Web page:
Lewis : malummalum, mālum, i, n., = μῆλον (Doric μᾶ λον ), an apple, i. e. any tree-fruit fleshy on the outside, and having a kernel within (opp. nux); hence, applied also to quinces, pomegranates, peaches, oranges, lemons, etc. In gen., Plin. 15, 14, 14, § 47; Col. 5, 10, 19; Verg. G. 2, 127 al.: malis orbiculatis pasci, Cael. ad Cic. Fam. 8, 15.—In a pun with mălum, a calamity, Plaut. Am. 2, 2, 89; 91 al.—Prov.: ab ovo usque ad mala, i. e. from beginning to end (from the Roman custom to begin meals with eggs and end with fruit), Hor. S. 1, 3, 7.—Trop.: malum discordiae, an apple of discord, Just. 12, 15, 11.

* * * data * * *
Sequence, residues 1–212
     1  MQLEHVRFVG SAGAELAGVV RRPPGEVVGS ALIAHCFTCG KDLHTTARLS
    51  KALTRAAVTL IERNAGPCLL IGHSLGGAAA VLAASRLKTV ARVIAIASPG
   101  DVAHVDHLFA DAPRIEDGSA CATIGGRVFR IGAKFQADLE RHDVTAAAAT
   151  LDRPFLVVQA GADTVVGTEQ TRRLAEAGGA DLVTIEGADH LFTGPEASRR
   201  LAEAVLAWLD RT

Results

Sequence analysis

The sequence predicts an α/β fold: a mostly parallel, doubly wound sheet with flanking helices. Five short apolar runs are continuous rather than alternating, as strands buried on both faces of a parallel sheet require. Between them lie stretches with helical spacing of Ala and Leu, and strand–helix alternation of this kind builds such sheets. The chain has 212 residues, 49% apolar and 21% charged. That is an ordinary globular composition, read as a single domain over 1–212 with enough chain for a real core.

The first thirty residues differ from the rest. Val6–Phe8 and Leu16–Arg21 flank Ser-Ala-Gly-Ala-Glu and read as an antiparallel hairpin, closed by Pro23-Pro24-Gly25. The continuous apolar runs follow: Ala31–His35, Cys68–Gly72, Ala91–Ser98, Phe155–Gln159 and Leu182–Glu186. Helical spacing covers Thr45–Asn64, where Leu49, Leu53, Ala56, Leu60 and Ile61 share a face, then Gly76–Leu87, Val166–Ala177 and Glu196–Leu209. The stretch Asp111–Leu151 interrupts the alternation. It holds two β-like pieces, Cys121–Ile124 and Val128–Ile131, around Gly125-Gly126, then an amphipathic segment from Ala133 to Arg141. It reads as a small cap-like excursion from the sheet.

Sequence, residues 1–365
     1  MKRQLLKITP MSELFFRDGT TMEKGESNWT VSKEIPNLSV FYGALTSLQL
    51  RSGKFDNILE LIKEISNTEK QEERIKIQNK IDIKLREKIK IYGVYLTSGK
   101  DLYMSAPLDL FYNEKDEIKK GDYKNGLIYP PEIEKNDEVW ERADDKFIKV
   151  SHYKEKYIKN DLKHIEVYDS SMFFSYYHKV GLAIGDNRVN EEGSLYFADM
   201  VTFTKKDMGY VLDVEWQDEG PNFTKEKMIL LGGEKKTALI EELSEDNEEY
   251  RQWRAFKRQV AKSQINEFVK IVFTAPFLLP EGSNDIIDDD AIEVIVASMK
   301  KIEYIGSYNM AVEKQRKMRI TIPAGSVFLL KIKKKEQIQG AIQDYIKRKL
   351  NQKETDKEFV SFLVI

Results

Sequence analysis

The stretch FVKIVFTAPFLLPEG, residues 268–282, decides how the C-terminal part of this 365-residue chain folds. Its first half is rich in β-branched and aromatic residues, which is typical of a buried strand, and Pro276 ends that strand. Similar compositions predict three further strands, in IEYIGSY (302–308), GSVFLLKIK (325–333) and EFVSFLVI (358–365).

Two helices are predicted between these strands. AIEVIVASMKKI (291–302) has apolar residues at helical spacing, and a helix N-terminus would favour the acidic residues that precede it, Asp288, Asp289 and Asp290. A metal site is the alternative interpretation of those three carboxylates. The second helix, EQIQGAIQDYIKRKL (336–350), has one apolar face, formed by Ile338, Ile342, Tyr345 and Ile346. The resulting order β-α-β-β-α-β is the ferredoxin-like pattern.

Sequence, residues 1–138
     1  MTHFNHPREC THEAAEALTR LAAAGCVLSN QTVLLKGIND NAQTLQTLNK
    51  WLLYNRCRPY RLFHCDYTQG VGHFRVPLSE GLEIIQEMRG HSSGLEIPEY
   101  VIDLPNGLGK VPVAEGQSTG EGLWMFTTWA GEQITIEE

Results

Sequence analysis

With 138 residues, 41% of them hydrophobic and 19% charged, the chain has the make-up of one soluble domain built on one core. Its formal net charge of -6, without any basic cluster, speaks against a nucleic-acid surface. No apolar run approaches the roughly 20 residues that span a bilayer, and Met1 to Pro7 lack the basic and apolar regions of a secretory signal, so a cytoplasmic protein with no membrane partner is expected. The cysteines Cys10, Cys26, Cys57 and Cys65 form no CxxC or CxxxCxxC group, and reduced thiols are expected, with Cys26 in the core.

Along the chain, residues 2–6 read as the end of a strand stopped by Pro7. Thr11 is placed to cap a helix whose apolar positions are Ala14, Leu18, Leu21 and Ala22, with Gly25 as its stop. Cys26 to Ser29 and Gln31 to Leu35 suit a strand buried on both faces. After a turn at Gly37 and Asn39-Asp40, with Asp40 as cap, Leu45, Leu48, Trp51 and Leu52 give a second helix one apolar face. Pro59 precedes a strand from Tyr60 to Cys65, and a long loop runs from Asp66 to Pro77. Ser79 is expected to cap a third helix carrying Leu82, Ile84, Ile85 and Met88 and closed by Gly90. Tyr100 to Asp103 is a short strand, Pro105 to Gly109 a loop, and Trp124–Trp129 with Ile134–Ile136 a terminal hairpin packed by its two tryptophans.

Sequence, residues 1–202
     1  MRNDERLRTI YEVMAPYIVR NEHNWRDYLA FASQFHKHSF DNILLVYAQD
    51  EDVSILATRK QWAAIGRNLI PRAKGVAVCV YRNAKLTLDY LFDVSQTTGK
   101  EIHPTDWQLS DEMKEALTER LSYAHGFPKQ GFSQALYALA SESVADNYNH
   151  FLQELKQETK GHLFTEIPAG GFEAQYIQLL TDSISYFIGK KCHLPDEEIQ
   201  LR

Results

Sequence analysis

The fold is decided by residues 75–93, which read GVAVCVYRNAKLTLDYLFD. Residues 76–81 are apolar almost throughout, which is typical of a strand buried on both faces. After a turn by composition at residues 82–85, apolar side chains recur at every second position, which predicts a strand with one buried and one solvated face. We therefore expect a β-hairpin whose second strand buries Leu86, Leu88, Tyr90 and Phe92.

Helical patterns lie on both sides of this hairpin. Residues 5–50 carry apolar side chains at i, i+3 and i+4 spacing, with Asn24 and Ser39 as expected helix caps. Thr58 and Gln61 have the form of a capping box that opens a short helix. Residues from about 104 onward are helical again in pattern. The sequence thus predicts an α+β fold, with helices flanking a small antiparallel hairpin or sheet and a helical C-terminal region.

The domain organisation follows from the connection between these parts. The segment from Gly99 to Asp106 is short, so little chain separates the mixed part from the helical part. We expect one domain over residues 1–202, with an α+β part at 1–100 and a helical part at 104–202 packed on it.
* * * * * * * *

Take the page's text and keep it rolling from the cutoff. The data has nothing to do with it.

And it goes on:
Malum terrae, a plant (the Aristolochia), having four varieties, Plin. 25, 8, 54, § 95; Scrib. Comp. 202; also called malum terrenum, Veg. Vet. 4, 13.